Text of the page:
Ian Aaron, CEO of social TV app startup ConnecTV, has watched numerous "second screen" players fail to gain traction over the last three years -- including, he concedes, ConnecTV itself.

Now, broadcaster-backed ConnecTV is releasing an overhauled version of its app refocused on a simple idea: It lets TV fans share actual snippets of programming with their friends and followers. With the new app, users can "clip" 6-second video segments from among 400 live TV channels; comment on them; and share them on Twitter and Facebook, via a link in email, or within the app.

Previously, the ConnecTV app offered a way for users to track conversations about favorite TV shows -- a feature that didn't move the needle. Aaron said the rapid growth of Twitter's Vine 6-second video service and the video features of Facebook's Instagram (which caps clips at a comparatively generous 15 seconds) led ConnecTV to shift course to be video-centric.

"We haven't seen the engagement we were looking for with second screen apps, while social video like Vine and Instagram are big and growing," he said. "We are coming out with what we think is 'the' app for social TV."

Ads that appear in the app can be synchronized with what's airing on TV. ConnecTV has a half-dozen charter ad deals with TV networks and brands, which Aaron declined to identify. "We want you to watch live and engage live," Aaron said. "We want to be a promotion and marketing platform for the studios and networks."

To fall under fair-use provisions of the copyright code, ConnecTV -- like Vine -- limits clips to 6 seconds and requires users to add their own comment on top of the clip, Aaron said. The ConnecTV app for Apple iOS devices is available now and an Android version is slated to be available by the end of the year, according to the company.

ConnecTV's app uses audio fingerprinting to validate that someone is in front of a TV and tuned to a given channel (another requirement stipulated by the lawyers). After a user presses "clip," the app pulls up the last 2 minutes that have aired on the channel and the user selects the 6-second slice they want to share.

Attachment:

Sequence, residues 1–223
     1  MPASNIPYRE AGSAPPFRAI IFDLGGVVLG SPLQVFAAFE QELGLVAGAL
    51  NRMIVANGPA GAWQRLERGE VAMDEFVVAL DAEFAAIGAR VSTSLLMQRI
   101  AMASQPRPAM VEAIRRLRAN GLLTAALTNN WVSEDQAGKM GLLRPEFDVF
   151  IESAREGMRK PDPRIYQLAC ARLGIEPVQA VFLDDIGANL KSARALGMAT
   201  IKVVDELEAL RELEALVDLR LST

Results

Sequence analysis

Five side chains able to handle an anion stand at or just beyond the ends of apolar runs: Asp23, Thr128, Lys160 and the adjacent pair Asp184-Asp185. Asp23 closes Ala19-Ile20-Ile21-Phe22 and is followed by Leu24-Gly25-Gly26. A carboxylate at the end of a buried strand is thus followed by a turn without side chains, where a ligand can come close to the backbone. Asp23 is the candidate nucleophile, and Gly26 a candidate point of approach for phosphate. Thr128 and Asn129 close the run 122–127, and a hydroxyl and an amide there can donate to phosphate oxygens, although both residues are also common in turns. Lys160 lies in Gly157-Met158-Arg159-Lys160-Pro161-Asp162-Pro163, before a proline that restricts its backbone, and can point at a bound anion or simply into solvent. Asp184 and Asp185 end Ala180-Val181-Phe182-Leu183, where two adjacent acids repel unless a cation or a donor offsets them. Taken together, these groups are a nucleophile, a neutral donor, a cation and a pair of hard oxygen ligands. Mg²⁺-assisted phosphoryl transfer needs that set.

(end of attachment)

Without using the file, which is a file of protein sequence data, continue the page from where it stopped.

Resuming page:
With the ability to clip and share short TV segments, the new ConnecTV app stands to function sort of like a user-generated version of Twitter Amplify, the social company's program to let TV networks distribute ad-supported video tweets that promote live tune-in. But compared with Twitter's initiative, the ConnecTV app is more powerful because it's being produced by people who are fans of the shows, according to Aaron.

Consumers are already using Vine and other apps to share TV clips, according to Aaron. ConnecTV's new app makes sharing TV moments easier for users -- and monetizeable for content owners, he argued. The app tags clips with a network's logo and includes related info such as program description and air date and time.

ConnecTV's investors include 10 broadcast stations groups: Barrington Broadcasting, Belo, Cox Media Group, E.W. Scripps, Gannett Broadcasting, Hearst Television, Media General, Meredith, Post-Newsweek Stations and Raycom Media. The video-sharing features are rolling out nationally and for local TV programming in New York and San Francisco initially, followed by the top 50 U.S. markets.

"Our broadcast partners are the local TV guys," said Aaron, who among other previous gigs was president of Gemstar-TV Guide International's Television Group.

The startup also is working with consumer-electronics manufacturers and pay TV providers on new features that would let users program their DVRs or tune live to a show from any clip.

Most second-screen apps, according to Aaron, are "putting 10 pounds of stuff in a one-pound box. ... They're more distracting than engaging." Other third-party apps targeting TV viewers include GetGlue, IntoNow, Peel, NextGuide, Shazam, Viggle and Zeebox.

Founded in 2010, the Emeryville, Calif.-based startup has 22 employees. The app has about 980,000 registered users, but this version of ConnecTV marks the official "commercial launch," according to Aaron. He claims everything the company has done leading up to now has been testing to see what resonates with users.

Before, Aaron said, "we didn't promote it because we weren't happy with the engagement."


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